Heavy landings after jumping have caused more retirements in the Thousand Lakes than any other factor, and it was undoubtedly a recommendation by Mikkola and Makinen which kept the two Escorts going to the finish. To prevent excessive engine movement, they suggested fitting suspension bump-stops in front of the block. Furthermore, they also asked for reinforcing on the sumpguards. This took the form of cross-members across the back of the guards, but not bolted to the car’s frame so as not to offend the Group 2 regulations.
These were wise measures, for engine movement has been the cause of many Escort problems in the past, not only with fan entering the radiator, but with sump coming into contact with steering rack.
It is unfortunate that as a result of a good selection of events and rules for the International Constructors’ Championship, and a complex jumble for the Drivers’ Championship, the latter series has degenerated into a sort of poor relation. Since the Thousand Lakes is a Drivers’ qualifier, it has suffered a sort of rubbing off, and the sooner the CSI introduces its expected amendments to the various championship rules the sooner the Drivers’ series will be restored to its proper status and the sooner events such as the Thousand Lakes will get the support they so richly deserve.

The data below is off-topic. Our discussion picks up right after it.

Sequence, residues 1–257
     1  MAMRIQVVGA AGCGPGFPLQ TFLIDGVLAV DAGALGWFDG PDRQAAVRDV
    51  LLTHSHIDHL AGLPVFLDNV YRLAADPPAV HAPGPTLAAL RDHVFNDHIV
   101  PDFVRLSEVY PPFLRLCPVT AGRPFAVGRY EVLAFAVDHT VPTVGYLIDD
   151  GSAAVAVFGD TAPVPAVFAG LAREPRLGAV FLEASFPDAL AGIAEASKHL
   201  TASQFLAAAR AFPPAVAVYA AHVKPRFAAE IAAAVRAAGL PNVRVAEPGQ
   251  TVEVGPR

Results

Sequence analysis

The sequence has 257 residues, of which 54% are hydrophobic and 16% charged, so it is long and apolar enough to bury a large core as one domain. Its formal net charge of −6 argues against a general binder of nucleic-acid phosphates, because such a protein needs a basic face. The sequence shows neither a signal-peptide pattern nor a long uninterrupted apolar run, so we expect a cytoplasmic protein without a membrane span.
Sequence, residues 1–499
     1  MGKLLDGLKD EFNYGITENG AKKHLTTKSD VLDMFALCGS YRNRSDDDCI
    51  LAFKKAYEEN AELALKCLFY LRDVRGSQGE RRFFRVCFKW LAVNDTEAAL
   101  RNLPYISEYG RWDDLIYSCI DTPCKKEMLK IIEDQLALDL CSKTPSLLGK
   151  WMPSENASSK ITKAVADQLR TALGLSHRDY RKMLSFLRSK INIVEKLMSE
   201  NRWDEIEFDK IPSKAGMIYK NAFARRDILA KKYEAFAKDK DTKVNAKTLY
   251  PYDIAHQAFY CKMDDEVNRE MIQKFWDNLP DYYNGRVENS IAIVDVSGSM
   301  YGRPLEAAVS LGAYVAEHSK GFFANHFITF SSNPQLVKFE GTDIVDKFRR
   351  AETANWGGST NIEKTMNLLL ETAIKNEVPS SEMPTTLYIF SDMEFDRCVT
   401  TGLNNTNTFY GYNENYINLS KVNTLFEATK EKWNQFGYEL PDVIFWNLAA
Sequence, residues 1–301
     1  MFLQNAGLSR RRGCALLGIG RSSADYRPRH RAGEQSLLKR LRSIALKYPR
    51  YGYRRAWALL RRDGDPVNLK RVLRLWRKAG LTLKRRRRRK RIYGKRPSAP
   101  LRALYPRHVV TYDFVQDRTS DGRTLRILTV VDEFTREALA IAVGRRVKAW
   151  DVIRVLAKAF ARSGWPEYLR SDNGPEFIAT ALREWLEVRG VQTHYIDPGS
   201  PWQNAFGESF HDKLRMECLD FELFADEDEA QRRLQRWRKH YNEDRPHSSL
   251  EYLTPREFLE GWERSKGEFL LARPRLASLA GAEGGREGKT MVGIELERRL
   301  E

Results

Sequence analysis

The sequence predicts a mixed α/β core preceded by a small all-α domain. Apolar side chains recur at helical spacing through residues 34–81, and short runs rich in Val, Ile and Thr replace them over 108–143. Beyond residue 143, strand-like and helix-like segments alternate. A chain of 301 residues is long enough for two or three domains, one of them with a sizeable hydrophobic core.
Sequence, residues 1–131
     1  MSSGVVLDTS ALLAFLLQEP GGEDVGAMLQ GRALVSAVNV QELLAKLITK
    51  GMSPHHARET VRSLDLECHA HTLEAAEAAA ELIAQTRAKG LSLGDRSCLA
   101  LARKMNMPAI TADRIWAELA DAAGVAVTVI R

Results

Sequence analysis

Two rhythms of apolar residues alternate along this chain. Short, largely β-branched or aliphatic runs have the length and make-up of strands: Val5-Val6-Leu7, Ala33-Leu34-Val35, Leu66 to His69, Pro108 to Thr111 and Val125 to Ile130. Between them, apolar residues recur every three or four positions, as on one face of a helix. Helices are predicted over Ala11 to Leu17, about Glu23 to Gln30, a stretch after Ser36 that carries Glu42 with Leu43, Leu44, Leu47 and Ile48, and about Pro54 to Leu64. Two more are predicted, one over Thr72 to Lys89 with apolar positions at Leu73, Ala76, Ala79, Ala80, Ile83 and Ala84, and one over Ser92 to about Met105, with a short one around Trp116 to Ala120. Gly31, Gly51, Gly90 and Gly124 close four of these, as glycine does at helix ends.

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As we go to press, we hear that the number of works teams taking part in November’s RAC Rally might be further supplemented. It is certain that there will be cars from Ford, Alpine-Renault, Lancia, Porsche, Saab, Datsun and Skoda. There is also strong talk that Volvo will soon be making a return to the sport—although perhaps not in time for this particular rally—and there will also be a team from the Wartburg factory.
Furthermore, interest is also being shown by Porsche Salzburg, and that could very well materialise into a team of three Porsche 914/6s. An enquiry has also been received from none other than the Fiat factory, and not on behalf of Lancia either. Fiat has been making under-the-counter excursions into the sport for some time, and it would be very nice if the RAC Rally saw the company bring their competitions activities right out into the open.—G. P.